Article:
Megrahi death: Libya does its best to ignore funeral of ‘national hero’
A BROWN earth plot, marked with four concrete breeze blocks is now the final resting place of Lockerbie bomber Abdelbaset Ali Mohmed al-Megrahi, his death marking a chapter in Libya’s history that its people cannot put behind them.
The only man ever convicted of the 1988 Lockerbie bombing was buried yesterday, as required by Muslim custom, the day after his death from prostate cancer in his Tripoli villa.
The stigma that ordinary Libyans attach to the man – a result of his involvement with Colonel Muammar al-Gaddafi’s security services – meant barely 100 mourners attended a simple funeral service in a dusty, wind-swept graveyard in the Tripoli suburb of Janzour.
By Islamic custom, there were no women in attendance, and his sons led a procession of mourners across the cemetery to a plot carved out of the earth into which his body, clad in a white shroud, was placed.
“He was innocent, he did not do those crimes,” insisted his cousin, Dr Mohamed Rashed, 52 “I hope the truth will be revealed.”
He said Megrahi had insisted into his last days, lying almost rigid in his sick bed, that he had no part in the bombing of Pan Am Flight 103, which crashed in flames in Lockerbie in 1988 with the loss of 270 lives.
“We would sit with him and he always said he is innocent. We asked him, ‘Do you wish for the truth to come out?’ and he said, ‘Yes I do’.”
No state officials were present at the funeral, and the family were happy not to attract more publicity. In today’s Libya, people do not want to draw attention to previous associations with the security services of the late Col Gaddafi.
Dr Rashed declined to say what role if any his brother had had in the security services, insisting: “He was just an ordinary man. He had no interest in politics. He was a kind man, a good man. And he was religious, he would fast for Ramadan.”
Another cousin, Ashur al-Zuwam, said when he returned to Libya, after being freed on compassionate grounds by Scottish ministers in August 2009, Megrahi had been to see his mother to insist he was innocent. Under Libyan custom, a son will confess his sins to his mother. “He went to his mother and said, ‘Mother, if I am guilty of this, then you should not forgive me’. I am sure of his innocence.”
Mohammed Bukharis, a neighbour, said: “Brother al-Megrahi is honoured and respected by all Libyans because of the suffering and pain he went through following his unjust conviction. Many view him as a national hero because he took the blame for a crime that could have seen the whole country punished. There was never any resentment against the Megrahi family when Gaddafi disappeared. On the contrary, all have been honoured.”
Among those attending the funeral were relatives from Sebha, Megrahi’s hometown in the south of Libya, which is home to the Megarha, the tribe to which he belonged. The rest of the country, however, ignored his death, which was not covered by any of the country’s three main television channels.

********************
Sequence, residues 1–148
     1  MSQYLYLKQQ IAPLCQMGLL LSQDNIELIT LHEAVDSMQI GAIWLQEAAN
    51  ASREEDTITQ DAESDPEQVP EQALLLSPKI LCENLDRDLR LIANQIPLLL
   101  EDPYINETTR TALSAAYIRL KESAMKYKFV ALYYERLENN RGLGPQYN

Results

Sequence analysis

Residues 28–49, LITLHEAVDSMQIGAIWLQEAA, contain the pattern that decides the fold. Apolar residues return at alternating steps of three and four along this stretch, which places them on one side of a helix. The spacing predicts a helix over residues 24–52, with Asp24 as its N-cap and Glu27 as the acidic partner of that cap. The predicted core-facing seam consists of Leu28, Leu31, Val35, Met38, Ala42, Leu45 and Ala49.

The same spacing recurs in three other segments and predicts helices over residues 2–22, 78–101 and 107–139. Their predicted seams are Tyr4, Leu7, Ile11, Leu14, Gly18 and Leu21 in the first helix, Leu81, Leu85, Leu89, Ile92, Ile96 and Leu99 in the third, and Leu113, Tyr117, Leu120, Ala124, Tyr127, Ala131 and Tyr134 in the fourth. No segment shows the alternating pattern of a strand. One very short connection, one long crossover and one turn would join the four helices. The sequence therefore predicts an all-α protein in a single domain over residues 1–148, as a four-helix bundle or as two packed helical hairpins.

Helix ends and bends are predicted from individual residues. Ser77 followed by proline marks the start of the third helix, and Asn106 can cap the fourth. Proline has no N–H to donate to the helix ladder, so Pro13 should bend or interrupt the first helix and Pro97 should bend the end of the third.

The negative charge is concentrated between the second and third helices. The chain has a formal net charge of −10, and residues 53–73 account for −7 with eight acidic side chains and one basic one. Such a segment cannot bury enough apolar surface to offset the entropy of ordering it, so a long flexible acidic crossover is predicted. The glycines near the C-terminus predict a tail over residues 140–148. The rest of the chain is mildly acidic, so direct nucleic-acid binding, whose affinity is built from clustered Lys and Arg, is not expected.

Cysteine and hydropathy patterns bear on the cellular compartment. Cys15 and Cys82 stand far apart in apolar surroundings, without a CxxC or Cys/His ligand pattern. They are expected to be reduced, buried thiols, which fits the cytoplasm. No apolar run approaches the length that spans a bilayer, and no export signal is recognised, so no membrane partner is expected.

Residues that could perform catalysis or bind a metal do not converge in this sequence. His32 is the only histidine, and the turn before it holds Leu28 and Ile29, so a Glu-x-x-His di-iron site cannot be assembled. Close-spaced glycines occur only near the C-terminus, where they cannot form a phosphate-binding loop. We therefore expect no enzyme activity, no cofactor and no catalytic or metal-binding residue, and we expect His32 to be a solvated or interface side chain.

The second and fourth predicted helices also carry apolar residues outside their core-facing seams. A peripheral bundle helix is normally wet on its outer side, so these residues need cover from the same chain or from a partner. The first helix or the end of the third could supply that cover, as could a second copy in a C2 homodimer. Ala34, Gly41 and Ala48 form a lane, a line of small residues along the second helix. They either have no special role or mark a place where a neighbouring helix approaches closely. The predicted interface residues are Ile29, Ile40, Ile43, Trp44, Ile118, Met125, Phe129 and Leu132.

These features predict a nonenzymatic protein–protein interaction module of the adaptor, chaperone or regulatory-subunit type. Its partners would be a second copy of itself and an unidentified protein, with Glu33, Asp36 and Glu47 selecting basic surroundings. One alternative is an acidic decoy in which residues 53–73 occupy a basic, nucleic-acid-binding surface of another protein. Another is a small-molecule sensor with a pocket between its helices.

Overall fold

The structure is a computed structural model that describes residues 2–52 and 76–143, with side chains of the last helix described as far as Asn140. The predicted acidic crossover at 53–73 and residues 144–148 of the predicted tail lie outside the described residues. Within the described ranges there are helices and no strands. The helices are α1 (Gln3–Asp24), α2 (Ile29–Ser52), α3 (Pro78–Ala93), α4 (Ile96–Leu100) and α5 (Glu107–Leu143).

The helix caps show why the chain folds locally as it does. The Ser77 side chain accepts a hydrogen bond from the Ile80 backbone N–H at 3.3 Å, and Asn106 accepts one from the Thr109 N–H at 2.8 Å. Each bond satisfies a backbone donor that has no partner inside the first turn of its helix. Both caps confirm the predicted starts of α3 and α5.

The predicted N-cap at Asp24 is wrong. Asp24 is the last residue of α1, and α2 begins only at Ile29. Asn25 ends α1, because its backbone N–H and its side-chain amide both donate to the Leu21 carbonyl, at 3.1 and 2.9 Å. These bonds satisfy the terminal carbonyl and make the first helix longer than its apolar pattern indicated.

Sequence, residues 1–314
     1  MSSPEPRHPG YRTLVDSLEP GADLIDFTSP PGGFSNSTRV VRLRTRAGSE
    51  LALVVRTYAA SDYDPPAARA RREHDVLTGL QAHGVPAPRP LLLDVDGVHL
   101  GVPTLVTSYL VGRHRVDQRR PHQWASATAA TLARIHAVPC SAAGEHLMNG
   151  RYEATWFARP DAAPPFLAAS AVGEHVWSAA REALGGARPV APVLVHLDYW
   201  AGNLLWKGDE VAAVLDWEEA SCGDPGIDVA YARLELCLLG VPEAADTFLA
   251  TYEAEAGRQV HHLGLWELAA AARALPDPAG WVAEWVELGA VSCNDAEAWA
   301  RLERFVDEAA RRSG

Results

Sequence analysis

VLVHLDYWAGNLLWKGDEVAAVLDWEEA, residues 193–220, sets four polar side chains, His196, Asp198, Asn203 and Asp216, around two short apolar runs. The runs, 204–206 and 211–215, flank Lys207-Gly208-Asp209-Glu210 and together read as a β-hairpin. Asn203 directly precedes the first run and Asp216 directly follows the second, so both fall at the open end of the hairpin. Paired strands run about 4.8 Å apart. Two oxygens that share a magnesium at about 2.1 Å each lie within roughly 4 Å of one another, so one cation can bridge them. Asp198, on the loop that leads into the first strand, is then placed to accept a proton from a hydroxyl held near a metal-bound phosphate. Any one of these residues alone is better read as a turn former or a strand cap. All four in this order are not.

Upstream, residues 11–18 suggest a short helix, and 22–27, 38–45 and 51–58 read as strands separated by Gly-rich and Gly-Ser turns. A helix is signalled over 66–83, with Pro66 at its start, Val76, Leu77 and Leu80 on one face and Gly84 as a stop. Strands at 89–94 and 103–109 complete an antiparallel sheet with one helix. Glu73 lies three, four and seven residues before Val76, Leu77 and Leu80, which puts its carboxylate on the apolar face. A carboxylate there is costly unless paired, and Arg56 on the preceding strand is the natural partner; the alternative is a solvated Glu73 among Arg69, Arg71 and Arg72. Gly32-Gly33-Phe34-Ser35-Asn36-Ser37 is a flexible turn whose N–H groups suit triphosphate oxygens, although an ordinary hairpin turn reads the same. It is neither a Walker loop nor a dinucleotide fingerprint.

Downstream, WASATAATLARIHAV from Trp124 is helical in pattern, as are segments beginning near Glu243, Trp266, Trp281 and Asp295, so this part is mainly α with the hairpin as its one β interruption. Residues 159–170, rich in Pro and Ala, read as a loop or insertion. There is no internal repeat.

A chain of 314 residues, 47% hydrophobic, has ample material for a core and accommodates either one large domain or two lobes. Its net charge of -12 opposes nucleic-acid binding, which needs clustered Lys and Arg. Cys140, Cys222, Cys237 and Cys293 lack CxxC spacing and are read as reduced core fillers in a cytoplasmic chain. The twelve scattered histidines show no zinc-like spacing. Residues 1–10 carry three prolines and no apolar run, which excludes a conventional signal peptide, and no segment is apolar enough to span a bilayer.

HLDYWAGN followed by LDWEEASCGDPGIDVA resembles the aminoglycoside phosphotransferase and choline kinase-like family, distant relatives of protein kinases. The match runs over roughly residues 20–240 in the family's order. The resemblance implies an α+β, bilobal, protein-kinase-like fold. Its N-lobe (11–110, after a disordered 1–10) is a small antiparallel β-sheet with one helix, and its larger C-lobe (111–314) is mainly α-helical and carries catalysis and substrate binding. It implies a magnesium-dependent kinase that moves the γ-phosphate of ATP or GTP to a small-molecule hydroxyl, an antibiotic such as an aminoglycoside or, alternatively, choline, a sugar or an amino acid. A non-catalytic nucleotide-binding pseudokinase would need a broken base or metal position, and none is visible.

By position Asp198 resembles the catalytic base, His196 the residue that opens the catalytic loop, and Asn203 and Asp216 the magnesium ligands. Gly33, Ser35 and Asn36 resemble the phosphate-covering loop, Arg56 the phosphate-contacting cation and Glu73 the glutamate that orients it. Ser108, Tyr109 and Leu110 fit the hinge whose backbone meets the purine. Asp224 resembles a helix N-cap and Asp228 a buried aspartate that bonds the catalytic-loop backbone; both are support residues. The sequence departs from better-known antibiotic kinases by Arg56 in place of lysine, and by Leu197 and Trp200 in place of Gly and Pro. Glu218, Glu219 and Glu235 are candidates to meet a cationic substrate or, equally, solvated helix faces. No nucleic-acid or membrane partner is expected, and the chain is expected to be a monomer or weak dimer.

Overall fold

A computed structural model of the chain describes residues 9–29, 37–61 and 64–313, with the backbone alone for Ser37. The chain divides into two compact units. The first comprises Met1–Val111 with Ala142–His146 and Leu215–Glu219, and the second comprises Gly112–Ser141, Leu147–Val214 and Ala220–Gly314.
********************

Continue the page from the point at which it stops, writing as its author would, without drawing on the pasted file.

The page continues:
Yesterday, Mohammed Harizi, spokesman for Libya’s ruling National Tranistional Council, said: “No official attended the funeral. It was a private family matter.”
Few Libyans will shed a tear for the death of a man who was certainly a member of Col Gaddafi’s hated security services.
While the official media of the time gave a distorted account of the Lockerbie investigation, ordinary Libyans felt the effect of the resulting sanctions and international isolation that followed – a legacy that will haunt the memory of Megrahi for many years.
Despite the death of the only man ever convicted for the Lockerbie bombing, the National Transitional Council has pledged to investigate the affair.
However, doubts have been raised about the strength of this commitment, after the interior ministry dramatically announced this year that UK police investigating both Lockerbie and the killing of WPC Yvonne Fletcher would not be allowed to visit Libya, a step that even the former Gaddafi regime did not insist upon.
One man who does have the answers, and who is very much alive, is Saif al-Islam Gaddafi, the late dictator’s heir designate, former playboy, and the man who ostentatiously greeted Megrahi on the steps of the aeroplane when he arrived to a state-engineered hero’s welcome from the UK in August 2009.
Saif IS in custody in Zintan, 90 miles south-west of Tripoli, with the right to try him for war crimes being disputed by both Libya and the International Criminal Court in The Hague.
Having apparently acted as a go-between to persuade the Scottish Government to release Megrahi, reportedly suggesting it would help with future oil contracts, Saif may be able to reveal whether he was guilty of one of the world’s worst terrorist crimes.
Megrahi, who many considered a cog in a brutal machine, is now gone, but as Scottish police officers await permission to visit Libya, there is much still to be unearthed.
“He was smiling before he died,” said his brother Mohammed. “He died in his home and his country, an innocent man.”
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